Our recent guide to Domestic Violence Leave struck a chord with a lot of readers. Small business employers are still uncertain about their new responsibilities, and there's not a lot of info out there! So we decided to find out more for you.
We may be the payroll pros, but this time we're calling in an expert from the HR side. We talked to Kim Rippin, Founder of Cinch Human Resources and a very resourceful human. Kim has been helping small businesses manage their people for 15 years, and knows her industry inside out. Here's what she had to say.
A Quick Reminder
Domestic Violence Leave will come in from April 1st 2019. This entitles "a person who is affected by domestic violence" to:
- Up to 10 days’ paid leave per year (provided they meet the 6 months service required);
- A right to request short term flexible working.
- Kim recommends that you start with your contracts. You'll need to revisit your permanent employment agreements and add a clause that lays out employees' entitlements to Domestic Violence Leave. Cinch have actually written a really good example that you can use:
Domestic Violence Leave
If you are a Person Affected by Domestic Violence (as defined in the Holidays Act 2003) and you have 6 months’ continuous service, you may be entitled to Domestic Violence Leave in accordance with the relevant provisions of the Holidays Act 2003. In summary, after 6 months’ continuous service, you may be entitled to up 10 days’ paid Domestic Violence Leave in each subsequent year of service for the purpose of assisting you to deal with the effects of being a Person Affected by Domestic Violence.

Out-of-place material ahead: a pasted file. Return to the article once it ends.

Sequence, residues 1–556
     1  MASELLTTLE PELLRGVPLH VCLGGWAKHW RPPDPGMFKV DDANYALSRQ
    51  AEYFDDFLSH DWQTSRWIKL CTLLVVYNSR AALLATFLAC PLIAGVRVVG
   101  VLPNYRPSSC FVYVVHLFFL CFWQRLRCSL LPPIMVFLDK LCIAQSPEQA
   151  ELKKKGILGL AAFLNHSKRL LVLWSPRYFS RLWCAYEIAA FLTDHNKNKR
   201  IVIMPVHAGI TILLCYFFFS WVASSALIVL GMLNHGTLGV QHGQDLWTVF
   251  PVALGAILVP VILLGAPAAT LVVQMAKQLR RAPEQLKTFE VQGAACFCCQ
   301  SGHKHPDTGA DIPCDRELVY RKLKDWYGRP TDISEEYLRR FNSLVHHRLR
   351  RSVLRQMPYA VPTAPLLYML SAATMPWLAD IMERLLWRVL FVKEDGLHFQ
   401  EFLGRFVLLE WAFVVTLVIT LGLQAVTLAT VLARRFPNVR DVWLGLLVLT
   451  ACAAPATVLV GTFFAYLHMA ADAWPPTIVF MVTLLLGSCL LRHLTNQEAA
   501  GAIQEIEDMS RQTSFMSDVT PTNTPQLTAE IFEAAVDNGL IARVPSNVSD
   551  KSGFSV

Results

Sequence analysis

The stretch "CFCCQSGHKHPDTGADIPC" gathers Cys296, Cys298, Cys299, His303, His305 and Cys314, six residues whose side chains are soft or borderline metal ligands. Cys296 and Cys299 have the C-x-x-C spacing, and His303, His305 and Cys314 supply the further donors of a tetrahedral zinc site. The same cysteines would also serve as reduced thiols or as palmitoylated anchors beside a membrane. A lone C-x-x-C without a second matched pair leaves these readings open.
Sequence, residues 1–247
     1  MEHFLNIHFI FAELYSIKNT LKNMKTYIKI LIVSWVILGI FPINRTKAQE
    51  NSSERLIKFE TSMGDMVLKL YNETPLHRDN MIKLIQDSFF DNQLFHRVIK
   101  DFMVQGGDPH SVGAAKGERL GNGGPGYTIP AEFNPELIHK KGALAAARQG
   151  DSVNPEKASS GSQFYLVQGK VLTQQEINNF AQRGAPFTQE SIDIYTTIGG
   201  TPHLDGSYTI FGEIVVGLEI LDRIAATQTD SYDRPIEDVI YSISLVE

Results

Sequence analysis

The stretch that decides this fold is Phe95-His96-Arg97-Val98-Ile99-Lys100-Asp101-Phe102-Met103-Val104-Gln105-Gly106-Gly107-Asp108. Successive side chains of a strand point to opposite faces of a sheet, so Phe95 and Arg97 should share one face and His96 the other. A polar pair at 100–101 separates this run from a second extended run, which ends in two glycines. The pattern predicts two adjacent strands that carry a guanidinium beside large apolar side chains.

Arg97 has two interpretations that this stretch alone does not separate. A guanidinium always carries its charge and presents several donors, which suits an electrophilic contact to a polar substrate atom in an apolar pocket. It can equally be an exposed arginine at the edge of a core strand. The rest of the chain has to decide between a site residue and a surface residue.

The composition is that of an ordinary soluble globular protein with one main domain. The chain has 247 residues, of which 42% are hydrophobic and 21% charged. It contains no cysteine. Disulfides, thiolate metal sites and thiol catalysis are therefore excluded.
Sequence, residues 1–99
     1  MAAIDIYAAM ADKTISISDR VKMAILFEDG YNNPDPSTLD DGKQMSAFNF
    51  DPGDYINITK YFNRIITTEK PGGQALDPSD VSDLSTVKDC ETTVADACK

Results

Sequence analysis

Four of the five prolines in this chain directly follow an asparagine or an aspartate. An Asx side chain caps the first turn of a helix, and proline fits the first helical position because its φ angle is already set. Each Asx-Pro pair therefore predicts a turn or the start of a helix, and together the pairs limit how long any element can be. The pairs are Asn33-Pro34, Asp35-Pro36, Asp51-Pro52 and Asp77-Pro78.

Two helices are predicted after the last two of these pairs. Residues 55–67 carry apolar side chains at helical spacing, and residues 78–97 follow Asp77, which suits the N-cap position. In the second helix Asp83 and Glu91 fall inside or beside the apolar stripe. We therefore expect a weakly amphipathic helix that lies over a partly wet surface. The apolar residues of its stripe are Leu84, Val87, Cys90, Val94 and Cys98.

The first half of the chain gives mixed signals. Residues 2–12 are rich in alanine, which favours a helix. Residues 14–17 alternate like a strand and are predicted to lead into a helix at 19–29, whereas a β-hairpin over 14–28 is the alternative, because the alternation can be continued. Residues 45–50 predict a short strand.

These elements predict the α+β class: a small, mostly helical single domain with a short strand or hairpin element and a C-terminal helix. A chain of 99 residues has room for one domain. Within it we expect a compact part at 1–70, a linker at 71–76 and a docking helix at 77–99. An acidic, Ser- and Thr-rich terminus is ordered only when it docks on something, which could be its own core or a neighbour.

- Offer a bit of extra training and education to your people, to bring them up to speed. If you have a program for diversity or wellness, update it to include your business' new responsibilities. A good resource is Shine’s "DVFREE" programme and workplace learning module.
- Remember, you have to provide info about support services to anybody who requests domestic violence leave. Put some guidelines in place for when and how this should happen.
- Kim reminded us that there's another subsection of the new law: "employers must not unlawfully discriminate against an employee if they are or are suspected or assumed to be a person affected by domestic violence."
- Cinch recommends that you introduce a written Domestic Violence Policy to your existing company policy or staff handbook. This makes sure that everybody has a clear understanding of rules and expectations, and shows that your business is taking notice of the law.
This should be an ongoing effort, Kim says:
As a good employer, it's important to ensure employees are encouraged to speak up about problems they may be dealing with around domestic violence. This won’t be achieved by simply dropping in a new workplace Policy and being done with it. Instead, employers should be thinking about how they actively communicate and embed into their workplace a culture that makes people feel safe and supported in relation to Domestic Violence.
- If you want total confidence that you're doing it right, you can actually take advantage of Cinch's new Domestic Violence policy. This will give your business a legally vetted document that brings you up to date with the Victims Protection bill. You can purchase a copy of the Policy here.
Hopefully we've got you feeling well-informed and compliance-ready! While you're at it, make sure you're across other upcoming changes to employment in NZ.
A big thanks to Kim Rippin and the team at Cinch for their time and wisdom. If you have any questions, get in touch, or talk to Cinch for help with your HR.